There is a time to die. We know it, but we avoid it. It seems so morbid to talk about it. It’s not tea party talk or baby shower talk. But why do we avoid it with those closest to us? Why do we feel so uncomfortable affirming the truth of it in our own lives? I have two theories…it’s a little bit scary, and it’s just so big.
We may avoid talk of death, but the Bible does not. There are 839 occurrences of muth, our word for die in Ecclesiastes 3, found in Strong’s Concordance. There is a place for the reality of death. As Christians we get to talk about it and shed light in a dark place with no hope. We have Jesus and we can offer His message to a world fearing death, avoiding death, and misunderstanding death.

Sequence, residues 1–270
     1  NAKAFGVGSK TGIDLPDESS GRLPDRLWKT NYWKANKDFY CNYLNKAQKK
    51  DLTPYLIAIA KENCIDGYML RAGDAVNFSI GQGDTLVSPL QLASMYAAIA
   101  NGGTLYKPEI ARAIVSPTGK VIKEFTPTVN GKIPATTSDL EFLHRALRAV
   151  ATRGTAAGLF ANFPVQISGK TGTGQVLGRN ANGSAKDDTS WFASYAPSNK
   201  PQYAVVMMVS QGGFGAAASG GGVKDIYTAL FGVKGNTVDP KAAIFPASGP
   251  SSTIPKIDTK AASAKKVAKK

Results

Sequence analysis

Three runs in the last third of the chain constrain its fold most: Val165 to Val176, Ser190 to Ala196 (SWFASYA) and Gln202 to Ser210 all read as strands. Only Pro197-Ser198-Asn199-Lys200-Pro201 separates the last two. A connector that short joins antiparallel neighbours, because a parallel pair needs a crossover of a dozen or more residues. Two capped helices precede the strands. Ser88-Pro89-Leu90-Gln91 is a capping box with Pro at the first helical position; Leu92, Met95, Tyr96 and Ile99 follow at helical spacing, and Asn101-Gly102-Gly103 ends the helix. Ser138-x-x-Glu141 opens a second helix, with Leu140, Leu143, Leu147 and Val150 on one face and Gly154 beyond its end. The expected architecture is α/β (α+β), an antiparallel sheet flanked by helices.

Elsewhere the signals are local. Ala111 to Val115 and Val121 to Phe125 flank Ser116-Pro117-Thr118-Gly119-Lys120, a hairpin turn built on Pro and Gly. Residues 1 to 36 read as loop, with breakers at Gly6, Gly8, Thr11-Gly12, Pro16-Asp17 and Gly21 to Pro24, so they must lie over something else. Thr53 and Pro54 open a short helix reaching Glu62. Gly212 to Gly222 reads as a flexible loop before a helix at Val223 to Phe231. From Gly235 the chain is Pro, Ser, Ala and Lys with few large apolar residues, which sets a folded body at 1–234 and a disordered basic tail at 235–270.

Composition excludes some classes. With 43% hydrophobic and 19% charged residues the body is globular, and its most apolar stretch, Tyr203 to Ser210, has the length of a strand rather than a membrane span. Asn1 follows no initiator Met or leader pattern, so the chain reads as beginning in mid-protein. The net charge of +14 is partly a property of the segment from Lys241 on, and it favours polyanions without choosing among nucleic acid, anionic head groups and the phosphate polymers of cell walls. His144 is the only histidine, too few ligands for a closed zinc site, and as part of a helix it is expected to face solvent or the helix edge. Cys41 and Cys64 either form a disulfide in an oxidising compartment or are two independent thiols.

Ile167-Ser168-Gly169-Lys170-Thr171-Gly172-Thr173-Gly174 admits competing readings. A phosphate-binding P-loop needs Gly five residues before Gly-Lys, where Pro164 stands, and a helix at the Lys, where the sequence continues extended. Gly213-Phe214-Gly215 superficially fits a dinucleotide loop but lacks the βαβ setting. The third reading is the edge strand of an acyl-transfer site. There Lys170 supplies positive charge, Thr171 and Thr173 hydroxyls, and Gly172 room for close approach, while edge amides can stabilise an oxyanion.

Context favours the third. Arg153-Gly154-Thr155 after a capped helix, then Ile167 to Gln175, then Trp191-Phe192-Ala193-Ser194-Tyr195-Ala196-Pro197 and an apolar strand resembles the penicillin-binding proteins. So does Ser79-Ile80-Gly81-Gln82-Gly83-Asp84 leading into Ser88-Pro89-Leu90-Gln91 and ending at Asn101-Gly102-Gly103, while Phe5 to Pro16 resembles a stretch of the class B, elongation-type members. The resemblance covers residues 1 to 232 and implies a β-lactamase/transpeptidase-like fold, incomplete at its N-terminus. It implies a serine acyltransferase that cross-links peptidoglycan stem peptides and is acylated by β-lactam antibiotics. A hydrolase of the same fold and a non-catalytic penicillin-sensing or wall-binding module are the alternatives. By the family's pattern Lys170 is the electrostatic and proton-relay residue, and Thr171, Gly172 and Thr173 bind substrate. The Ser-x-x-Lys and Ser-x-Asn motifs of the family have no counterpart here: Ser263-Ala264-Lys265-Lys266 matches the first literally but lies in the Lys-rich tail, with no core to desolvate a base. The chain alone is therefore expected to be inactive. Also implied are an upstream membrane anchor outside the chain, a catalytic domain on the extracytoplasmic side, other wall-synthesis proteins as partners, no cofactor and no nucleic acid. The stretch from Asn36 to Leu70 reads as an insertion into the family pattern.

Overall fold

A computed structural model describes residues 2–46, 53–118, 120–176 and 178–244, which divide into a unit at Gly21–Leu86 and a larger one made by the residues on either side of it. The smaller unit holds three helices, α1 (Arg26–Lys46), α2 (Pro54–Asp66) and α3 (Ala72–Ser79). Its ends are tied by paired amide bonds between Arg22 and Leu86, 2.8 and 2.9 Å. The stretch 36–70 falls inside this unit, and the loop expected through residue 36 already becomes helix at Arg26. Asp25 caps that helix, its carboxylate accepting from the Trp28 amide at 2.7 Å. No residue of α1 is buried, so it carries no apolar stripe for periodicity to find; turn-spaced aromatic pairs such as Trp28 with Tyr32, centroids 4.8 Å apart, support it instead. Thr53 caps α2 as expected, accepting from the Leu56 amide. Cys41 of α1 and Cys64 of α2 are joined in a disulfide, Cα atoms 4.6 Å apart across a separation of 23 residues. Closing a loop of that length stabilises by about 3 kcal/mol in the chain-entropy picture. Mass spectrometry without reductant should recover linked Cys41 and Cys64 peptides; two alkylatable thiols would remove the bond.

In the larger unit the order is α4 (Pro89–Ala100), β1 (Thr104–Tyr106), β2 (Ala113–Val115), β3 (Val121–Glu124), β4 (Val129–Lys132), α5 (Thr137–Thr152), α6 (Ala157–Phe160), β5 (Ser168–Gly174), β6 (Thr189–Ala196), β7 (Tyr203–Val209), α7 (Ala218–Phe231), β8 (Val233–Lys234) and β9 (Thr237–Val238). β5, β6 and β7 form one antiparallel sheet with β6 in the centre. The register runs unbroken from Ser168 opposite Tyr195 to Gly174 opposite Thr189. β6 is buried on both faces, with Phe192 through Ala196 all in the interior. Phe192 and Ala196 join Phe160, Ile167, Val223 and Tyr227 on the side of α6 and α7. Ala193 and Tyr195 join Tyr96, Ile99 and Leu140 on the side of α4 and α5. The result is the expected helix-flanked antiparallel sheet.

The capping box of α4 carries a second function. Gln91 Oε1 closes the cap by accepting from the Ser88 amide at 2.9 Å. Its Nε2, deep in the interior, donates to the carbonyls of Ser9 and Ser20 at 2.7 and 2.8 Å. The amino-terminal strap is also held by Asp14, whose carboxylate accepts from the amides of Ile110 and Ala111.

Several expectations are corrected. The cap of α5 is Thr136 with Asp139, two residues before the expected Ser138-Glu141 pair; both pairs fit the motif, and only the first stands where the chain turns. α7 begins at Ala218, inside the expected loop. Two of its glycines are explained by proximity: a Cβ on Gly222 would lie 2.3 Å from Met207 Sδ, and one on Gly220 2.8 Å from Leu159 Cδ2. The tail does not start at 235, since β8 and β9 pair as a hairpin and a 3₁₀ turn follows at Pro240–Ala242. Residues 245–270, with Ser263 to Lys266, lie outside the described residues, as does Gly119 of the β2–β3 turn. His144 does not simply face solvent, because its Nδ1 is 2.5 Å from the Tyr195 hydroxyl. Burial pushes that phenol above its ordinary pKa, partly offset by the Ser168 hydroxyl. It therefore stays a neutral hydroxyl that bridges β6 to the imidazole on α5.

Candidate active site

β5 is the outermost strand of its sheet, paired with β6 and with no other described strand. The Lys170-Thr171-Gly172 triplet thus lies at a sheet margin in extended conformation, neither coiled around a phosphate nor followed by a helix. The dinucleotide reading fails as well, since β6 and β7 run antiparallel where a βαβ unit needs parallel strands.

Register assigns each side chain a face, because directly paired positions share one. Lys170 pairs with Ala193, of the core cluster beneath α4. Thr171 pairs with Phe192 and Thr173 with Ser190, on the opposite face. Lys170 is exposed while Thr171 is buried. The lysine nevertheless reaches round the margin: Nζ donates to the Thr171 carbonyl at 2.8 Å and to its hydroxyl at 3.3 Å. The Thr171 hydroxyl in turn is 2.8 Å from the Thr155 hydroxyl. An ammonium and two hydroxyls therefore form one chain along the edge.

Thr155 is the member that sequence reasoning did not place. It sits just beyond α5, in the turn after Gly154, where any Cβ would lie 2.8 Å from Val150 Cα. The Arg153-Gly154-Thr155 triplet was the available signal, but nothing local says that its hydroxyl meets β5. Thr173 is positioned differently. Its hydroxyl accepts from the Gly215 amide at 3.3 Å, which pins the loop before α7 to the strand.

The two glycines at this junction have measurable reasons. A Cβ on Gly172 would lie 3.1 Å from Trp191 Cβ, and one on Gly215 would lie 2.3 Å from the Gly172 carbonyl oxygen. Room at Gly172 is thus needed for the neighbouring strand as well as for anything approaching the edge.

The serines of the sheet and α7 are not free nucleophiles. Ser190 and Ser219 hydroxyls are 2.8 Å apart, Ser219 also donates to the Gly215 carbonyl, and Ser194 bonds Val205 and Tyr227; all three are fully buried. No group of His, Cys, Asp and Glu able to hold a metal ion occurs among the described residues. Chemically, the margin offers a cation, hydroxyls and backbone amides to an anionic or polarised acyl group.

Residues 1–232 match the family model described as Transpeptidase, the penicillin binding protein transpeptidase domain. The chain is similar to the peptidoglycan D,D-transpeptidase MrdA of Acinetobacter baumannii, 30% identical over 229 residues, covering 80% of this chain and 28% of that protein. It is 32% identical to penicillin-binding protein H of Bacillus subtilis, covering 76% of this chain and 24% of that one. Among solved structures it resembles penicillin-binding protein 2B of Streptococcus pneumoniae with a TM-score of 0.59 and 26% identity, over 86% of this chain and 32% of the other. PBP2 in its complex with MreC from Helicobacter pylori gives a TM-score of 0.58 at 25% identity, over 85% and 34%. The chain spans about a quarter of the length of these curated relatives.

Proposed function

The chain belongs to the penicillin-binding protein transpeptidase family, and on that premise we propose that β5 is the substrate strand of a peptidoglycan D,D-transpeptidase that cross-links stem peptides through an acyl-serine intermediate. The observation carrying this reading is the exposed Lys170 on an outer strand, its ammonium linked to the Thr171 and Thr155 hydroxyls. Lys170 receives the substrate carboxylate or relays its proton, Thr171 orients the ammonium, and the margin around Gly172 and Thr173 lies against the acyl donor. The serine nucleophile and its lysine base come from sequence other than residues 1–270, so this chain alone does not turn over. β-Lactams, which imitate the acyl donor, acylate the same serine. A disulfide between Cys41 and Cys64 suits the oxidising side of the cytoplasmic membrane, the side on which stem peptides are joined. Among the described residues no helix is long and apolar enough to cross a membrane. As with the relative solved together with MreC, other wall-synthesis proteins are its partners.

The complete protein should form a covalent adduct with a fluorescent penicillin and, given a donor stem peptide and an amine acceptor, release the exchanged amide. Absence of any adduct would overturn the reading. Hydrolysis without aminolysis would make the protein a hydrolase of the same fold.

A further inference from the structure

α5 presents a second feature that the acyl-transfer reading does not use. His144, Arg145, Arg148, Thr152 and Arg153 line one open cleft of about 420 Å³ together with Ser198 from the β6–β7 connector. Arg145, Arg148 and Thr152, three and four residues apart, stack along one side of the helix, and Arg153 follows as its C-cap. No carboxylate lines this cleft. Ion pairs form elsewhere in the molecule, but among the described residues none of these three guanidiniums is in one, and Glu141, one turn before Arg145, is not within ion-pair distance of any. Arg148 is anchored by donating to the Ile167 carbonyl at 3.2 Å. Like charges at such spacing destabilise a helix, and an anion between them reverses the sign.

If something exists, it is either purposeful and from God, or made purposeful by God. God gave us death to save us from eternal despair and destruction. Death is a door. A way into God’s new beginning. With Jesus we can see this. The scales fall and our eyes are opened to what new things God is doing through death-
Heaven (real and tangible), restored relationships, a different path, a desperate need for something else, for a Savior who loves us…
Death teaches us that eternity matters, and so do we. When things die, there is room for rebirth. Without death things become stagnant. Knowing this, we can appreciate that even the death of little things are purposeful…the death of our spring flowers brings winter rest, the death of one idea, births another, the death of an activity brings time for something more.
More than that, the death of things we treasure,
the death of a loved one gives us a greater depth of desire for God and eternity,